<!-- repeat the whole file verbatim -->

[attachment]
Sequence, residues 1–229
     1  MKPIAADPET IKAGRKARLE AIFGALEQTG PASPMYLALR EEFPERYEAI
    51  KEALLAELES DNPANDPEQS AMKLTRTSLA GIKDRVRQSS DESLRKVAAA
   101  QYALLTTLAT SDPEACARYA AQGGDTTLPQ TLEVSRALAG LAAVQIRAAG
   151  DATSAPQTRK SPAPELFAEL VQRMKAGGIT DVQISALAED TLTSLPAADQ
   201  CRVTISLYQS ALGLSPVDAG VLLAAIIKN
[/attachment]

Sequence, residues 1–229
     1  MKPIAADPET IKAGRKARLE AIFGALEQTG PASPMYLALR EEFPERYEAI
    51  KEALLAELES DNPANDPEQS AMKLTRTSLA GIKDRVRQSS DESLRKVAAA
   101  QYALLTTLAT SDPEACARYA AQGGDTTLPQ TLEVSRALAG LAAVQIRAAG
   151  DATSAPQTRK SPAPELFAEL VQRMKAGGIT DVQISALAED TLTSLPAADQ
   201  CRVTISLYQS ALGLSPVDAG VLLAAIIKN